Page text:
Why Your GP Is Online

Anyone who has been to the GP lately knows that they have diagnostic applications on their smartphones and they can always consult with Dr. Google in a pinch.

When it comes to upskilling, however, online training is fast becoming a big part of post medical school training.

The Royal Australian College of General Practitioners, for example, offers 807 face-to-face courses, 830 eLearning courses, 123 Blended learning courses and 51 that don’t fit into any of those categories.

All you need is a login and lifelong learning is at your fingertips, much of it interactive.

Everything from palliative care to administering correct drug dosages to skin pathology is on offer and GP’s get credit for taking the courses.

Each course is set up to make it very clear what the outcomes are, and L&D specialists can learn a thing or two from how these courses are organised.

Drill into any RACGP  title and you get a succinct description of what the course offers–that should be standard operating practice for anyone designing a course.  Here’s an example:  Exploring Inhaled Medicines Use and Asthma Control.   No doubting what the course is about.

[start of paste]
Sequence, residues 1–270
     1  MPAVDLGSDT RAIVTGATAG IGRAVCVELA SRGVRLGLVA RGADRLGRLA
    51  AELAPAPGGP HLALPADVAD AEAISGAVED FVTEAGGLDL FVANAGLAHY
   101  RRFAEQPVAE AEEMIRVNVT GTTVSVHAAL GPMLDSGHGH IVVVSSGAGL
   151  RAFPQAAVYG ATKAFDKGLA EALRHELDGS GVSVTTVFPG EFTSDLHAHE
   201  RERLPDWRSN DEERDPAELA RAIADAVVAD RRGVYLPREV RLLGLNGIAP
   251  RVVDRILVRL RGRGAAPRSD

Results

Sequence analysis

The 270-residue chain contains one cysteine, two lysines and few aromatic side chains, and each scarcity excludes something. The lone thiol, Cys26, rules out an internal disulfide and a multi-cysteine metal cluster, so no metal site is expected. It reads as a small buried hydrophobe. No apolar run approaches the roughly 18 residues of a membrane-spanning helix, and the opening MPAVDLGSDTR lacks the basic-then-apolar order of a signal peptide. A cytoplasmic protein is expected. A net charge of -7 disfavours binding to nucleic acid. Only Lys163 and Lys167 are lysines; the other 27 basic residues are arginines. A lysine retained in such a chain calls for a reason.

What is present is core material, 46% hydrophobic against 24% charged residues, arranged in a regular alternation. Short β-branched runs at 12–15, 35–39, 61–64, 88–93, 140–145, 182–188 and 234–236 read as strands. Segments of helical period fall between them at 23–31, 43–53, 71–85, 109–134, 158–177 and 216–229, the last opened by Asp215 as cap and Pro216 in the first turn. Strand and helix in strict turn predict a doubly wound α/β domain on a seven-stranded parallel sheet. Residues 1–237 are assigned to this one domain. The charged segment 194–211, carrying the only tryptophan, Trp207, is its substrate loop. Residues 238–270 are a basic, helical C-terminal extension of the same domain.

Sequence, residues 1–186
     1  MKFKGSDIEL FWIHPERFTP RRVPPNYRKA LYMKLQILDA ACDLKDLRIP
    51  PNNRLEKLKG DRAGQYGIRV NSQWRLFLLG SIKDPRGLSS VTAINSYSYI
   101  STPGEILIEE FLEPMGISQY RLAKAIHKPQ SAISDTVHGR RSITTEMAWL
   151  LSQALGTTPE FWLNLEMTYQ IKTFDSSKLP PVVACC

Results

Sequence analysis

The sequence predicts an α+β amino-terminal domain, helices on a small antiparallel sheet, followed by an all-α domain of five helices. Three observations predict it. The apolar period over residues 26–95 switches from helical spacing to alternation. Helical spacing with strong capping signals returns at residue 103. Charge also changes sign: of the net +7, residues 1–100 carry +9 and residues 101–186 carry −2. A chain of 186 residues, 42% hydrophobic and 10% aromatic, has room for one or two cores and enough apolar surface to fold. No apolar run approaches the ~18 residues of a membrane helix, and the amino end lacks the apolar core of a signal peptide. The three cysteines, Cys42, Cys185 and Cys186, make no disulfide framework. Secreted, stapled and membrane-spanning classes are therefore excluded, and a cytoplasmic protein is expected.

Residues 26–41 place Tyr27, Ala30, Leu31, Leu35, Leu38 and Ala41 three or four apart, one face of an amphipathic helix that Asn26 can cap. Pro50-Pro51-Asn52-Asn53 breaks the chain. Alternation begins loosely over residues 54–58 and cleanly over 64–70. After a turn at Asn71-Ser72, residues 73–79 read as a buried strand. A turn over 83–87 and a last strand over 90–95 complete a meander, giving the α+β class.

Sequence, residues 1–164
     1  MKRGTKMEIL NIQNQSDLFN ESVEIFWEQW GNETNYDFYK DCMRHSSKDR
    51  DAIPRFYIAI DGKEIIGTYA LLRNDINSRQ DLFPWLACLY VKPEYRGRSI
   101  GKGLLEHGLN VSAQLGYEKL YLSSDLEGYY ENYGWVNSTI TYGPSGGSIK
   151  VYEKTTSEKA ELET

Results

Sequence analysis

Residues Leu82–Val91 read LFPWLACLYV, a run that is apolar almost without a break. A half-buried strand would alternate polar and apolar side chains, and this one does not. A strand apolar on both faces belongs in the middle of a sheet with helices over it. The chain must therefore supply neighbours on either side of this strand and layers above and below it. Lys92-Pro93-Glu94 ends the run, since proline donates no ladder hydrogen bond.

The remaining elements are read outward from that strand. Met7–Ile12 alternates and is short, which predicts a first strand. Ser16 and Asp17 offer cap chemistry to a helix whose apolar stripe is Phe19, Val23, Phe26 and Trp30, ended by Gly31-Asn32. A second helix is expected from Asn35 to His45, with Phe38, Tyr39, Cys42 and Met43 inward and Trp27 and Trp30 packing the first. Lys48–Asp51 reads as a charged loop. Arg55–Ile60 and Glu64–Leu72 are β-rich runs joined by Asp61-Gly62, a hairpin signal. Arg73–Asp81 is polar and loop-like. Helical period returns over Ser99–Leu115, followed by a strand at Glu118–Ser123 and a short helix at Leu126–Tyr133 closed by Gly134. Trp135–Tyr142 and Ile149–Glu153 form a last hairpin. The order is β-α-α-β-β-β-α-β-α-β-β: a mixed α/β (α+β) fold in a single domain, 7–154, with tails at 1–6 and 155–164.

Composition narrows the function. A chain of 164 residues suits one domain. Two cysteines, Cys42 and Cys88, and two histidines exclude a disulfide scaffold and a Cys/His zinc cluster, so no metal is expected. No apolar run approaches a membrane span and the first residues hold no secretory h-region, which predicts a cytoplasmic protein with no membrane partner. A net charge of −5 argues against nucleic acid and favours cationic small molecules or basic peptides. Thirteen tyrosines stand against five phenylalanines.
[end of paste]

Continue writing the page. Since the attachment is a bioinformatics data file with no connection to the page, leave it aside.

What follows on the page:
Then comes a very short and sharp description under the title,  Relevance of the Course to General Practice.  This gives the course context:

“Asthma affects 10% of Australians and is a national health priority area. Poor asthma control is common, and increases the risk of flare-ups requiring oral corticosteroids, hospitalisation or emergency department visits. Deaths from asthma remain high in Australia compared with many other countries.
GPs can help improve health outcomes of patients by correctly assessing levels of asthma control, identifying risk factors for poor asthma outcomes, and determining appropriate management in consultation with the patient.”

Learning outcomes are then clearly stated in a numbers format.

  1. Support patients in guided asthma self-management by providing an individualised written asthma action plan
  2. Define levels of asthma symptom control and identify risk factors for poor outcomes
  3. Explore asthma inhaler technique as part of a regular review
  4. Document assessment of asthma control in patient records
  5. Determine appropriate management based on asthma symptom control and risk factors for poor outcomes

Then comes the curriculum outcomes which improve personal knowledge and skills and communicating with the public.

So what can designers learn from this?  Three basic rules:

  • Make sure the course title accurately reflects the course content
  • Give the course context within the learning framework (this can be a course introduction)
  • Clearly state the learning and curriculum outcomes of the course

A pretty easy prescription for success.